97: Five Important Things Your Thyroid Surgeon Maybe Not Telling You, with Dr. Akira Miyauchi

During this episode, the following topics are discussed: 1. Financial burden of surgery versus total cost of active surveillance over ten years.  2. Stretching Exercises for Neck 3. Setting patient expectations prior to FNA to manage anxiety 4. When the laryngeal nerve is severed during thyroid surgery, it can and should be repaired, with proper surgeon skill and training.  5. The most common question asked to Dr. Miyauchi by surgeons from around the world. 

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96: Rethinking Thyroid Cancer – When Saying No to Surgery Maybe Best for You with Dr. Allen Ho from Cedars-Sinai in Los Angeles

Weighing treatment options for thyroid cancer, with deep consideration for the patient’s lifestyle, could become the new norm in assessing whether surgery is the best path. Dr. Allen Ho states, “if a patient is a ballerina or an opera singer, or any other profession that could be jeopardized due to undesired consequences of thyroid cancer surgery, then the best treatment path maybe active surveillance.” Undesired consequences of thyroid cancer surgery could be vocal cord paralysis, damage to the parathyroid glands resulting in calcium deficiencies, excessive bleeding or formation of a major blood clot in the neck, shoulder nerve damage, numbness, wound infection, and mental impairment due to hypothyroid-like symptoms.

Continue Reading96: Rethinking Thyroid Cancer – When Saying No to Surgery Maybe Best for You with Dr. Allen Ho from Cedars-Sinai in Los Angeles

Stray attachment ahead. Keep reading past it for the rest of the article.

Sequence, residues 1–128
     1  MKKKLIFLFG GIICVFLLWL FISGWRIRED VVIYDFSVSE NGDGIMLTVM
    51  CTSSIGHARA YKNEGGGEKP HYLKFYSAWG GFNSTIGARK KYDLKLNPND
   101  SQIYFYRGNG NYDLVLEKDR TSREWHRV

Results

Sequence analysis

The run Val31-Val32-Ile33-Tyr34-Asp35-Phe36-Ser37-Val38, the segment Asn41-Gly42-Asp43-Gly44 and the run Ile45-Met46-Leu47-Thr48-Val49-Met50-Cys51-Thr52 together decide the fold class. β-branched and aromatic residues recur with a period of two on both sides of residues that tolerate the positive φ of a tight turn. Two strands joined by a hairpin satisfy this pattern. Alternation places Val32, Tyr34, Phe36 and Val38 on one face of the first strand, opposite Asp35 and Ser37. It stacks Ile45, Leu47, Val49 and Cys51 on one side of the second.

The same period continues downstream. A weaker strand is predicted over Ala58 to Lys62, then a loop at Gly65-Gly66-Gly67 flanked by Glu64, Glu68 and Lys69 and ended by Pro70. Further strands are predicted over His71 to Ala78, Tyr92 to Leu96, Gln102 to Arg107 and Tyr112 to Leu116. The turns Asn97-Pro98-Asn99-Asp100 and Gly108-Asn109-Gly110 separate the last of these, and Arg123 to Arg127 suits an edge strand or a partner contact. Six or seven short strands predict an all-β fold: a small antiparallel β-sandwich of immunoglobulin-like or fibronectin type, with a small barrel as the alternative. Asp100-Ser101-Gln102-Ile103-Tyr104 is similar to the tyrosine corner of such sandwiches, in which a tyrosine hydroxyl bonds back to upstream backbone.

94: Take a Step Back⎢Thyroid Surgery with a Clear Mind, with Dr. Bryan McIver from Moffitt Cancer Center

Bryan McIver, MD, PhD Dr. McIver contributes to Moffitt Cancer Center almost 20 years of clinical experience in the care of patients with endocrine diseases, specializing in the evaluation of patients with thyroid nodules and thyroid cancer. He has a particular interest in the management of patients with advanced and aggressive forms of cancer and the role of genetic and molecular techniques to improve the accuracy of diagnosis. Most nodules are benign When to do a biopsy How to interpret the results of biopsy Advances in thyroid cancer Ultrasound technology advancements Molecular markers Cytopathology categorizations Molecular marker technologies Gene expression classifier

Continue Reading94: Take a Step Back⎢Thyroid Surgery with a Clear Mind, with Dr. Bryan McIver from Moffitt Cancer Center

93: The Results of 30 Years of Patients Receiving Active Surveillance Instead of Surgery; Dr. Akira Miyauchi from Kuma Hospital in Kobe, Japan

The Result of Over 1000 Cases of Active Surveillance Shows No Resulting Deaths of Patients Who Choose No Surgery For Thyroid Cancer Dr. Akira MiyauchiProfessor Akira Miyauchi (Figure 1) is…

Continue Reading93: The Results of 30 Years of Patients Receiving Active Surveillance Instead of Surgery; Dr. Akira Miyauchi from Kuma Hospital in Kobe, Japan

92: Your Patient Type May Determine Your Thyroid Cancer Treatment → Dr. Michael Tuttle from Sloan Kettering

What type of patient are you, a minimalist or maximalist? About Dr. Tuttle, in his words:I am a board-certified endocrinologist who specializes in caring for patients with advanced thyroid cancer. I…